Muslim students find welcome on Catholic college campuses
By Carol Zimmermann
LOS ANGELES, Cal., Dec. 7, 2006 (www.the-tidings.com) - On Catholic college campuses across the country, it is not uncommon to find Muslim students praying in a makeshift prayer room or campus mosque five times a day.
At Georgetown University in Washington, Muslim students also can speak regularly with an imam since the school became the first American university to hire a full-time Muslim chaplain seven years ago.
Although there are no accurate figures on the number of Muslim students at Catholic colleges, the numbers have gone up in recent years, according to administrators who have seen more students participate in campus-sponsored associations for Muslim students.
This increase is not just in large urban colleges either. At Benedictine University, just outside Chicago, approximately 15 percent of the school's 1,800 undergraduate students have identified themselves as Muslim, according to Mercy Robb, the university's executive director of public relations. And that's just the students who choose to identify their religious affiliation; Catholic colleges do not require students to do so.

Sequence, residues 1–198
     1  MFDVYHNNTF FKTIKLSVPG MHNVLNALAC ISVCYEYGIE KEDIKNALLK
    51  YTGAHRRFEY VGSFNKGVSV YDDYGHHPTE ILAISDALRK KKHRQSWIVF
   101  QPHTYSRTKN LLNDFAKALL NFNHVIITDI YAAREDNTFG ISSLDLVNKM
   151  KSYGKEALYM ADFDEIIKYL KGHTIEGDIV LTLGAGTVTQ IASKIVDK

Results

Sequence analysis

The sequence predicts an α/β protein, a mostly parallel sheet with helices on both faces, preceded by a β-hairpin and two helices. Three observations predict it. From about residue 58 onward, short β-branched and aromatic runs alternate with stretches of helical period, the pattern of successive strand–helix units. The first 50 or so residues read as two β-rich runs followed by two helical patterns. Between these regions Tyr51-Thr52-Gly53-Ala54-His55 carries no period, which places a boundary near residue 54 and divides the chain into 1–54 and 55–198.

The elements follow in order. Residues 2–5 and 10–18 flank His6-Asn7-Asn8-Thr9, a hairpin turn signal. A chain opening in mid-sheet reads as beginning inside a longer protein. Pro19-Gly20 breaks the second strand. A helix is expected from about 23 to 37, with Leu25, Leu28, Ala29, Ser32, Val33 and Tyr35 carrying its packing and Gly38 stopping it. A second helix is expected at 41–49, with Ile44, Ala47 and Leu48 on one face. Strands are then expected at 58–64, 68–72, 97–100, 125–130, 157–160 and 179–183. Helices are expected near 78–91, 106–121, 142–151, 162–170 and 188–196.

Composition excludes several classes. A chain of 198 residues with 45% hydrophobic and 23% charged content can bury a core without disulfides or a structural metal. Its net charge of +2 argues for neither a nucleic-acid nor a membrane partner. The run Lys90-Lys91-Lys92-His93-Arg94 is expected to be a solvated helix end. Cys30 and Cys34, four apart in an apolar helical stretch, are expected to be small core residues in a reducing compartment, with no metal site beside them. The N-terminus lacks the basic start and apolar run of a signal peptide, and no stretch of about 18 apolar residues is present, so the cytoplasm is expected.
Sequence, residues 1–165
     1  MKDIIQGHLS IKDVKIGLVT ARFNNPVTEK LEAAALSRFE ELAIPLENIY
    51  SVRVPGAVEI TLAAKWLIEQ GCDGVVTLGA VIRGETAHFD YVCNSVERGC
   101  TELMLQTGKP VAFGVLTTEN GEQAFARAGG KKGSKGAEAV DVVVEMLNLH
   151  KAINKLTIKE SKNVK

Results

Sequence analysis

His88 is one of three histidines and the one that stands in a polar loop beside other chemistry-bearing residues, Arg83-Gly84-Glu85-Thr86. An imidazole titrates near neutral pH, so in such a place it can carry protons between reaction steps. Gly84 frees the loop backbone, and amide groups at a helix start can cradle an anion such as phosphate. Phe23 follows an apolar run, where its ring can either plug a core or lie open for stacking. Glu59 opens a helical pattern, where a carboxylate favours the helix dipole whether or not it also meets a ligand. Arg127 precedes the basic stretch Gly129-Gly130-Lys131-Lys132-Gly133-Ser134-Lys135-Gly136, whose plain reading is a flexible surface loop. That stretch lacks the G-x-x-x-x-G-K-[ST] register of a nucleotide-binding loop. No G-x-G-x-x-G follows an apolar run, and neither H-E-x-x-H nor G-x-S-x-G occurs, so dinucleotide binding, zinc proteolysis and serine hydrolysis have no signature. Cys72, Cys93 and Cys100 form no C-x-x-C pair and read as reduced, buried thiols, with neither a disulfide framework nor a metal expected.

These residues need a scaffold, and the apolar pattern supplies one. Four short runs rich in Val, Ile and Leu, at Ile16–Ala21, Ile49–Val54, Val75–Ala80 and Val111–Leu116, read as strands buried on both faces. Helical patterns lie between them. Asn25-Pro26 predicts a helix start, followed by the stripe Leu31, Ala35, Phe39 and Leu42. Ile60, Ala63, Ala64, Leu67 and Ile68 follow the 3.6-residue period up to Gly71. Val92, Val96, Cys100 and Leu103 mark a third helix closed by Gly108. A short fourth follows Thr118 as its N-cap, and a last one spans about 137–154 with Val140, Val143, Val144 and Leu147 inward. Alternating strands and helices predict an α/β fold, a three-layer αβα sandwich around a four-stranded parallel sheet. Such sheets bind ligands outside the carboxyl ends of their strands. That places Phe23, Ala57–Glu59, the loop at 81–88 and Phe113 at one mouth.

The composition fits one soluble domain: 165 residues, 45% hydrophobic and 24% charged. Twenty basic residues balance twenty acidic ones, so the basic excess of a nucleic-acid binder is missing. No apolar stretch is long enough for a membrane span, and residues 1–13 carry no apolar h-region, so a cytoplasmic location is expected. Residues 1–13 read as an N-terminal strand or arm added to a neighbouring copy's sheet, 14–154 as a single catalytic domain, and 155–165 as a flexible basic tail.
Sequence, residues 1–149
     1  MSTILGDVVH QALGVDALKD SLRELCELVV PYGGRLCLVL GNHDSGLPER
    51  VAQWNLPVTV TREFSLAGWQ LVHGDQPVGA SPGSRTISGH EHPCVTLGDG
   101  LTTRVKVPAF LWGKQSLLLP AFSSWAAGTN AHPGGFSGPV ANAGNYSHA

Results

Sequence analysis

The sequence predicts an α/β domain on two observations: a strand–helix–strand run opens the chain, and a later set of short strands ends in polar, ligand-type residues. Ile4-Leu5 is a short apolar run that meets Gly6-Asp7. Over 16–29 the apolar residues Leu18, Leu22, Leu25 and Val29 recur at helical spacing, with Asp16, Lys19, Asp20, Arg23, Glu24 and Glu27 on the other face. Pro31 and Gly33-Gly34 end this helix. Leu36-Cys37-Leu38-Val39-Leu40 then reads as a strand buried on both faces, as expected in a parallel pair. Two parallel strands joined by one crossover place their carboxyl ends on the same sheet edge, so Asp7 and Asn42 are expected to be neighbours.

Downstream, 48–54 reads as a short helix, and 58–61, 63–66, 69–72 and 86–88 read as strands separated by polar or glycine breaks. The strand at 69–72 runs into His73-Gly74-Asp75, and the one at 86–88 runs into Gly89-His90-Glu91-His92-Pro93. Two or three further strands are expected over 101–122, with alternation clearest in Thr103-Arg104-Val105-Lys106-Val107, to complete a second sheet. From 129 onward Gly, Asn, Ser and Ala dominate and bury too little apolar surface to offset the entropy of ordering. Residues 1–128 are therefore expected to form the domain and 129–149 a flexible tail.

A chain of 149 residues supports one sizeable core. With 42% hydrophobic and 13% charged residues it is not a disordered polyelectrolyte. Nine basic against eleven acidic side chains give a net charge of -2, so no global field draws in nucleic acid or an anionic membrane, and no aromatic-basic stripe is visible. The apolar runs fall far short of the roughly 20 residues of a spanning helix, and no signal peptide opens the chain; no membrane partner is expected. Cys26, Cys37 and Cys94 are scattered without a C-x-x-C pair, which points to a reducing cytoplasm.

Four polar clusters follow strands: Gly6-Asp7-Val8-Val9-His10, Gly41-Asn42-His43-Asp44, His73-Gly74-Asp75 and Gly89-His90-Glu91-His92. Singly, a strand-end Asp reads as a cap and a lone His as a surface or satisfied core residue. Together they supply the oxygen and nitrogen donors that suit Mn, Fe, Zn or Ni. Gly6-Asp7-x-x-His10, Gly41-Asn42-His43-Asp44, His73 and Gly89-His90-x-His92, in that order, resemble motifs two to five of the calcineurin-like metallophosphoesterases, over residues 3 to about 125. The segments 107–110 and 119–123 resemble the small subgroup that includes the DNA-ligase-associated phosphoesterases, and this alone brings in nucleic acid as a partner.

Robb told Catholic News Service that the university attracts a lot of Muslim students because the school's "values are a fit for them personally."
At nearby Loyola University Chicago, the number of Muslim students also has gone up in recent years. Christopher Murphy, the school's director of university ministry, knows the population has grown because the campus mosque recently had to be reconfigured to make room for more women in the segregated prayer areas.
"Many Muslims are comfortable here and we are attracting more and more," Murphy said, noting that Muslim students "sense their expression of faith is not ridiculed" and they also know "religion is not a taboo subject here."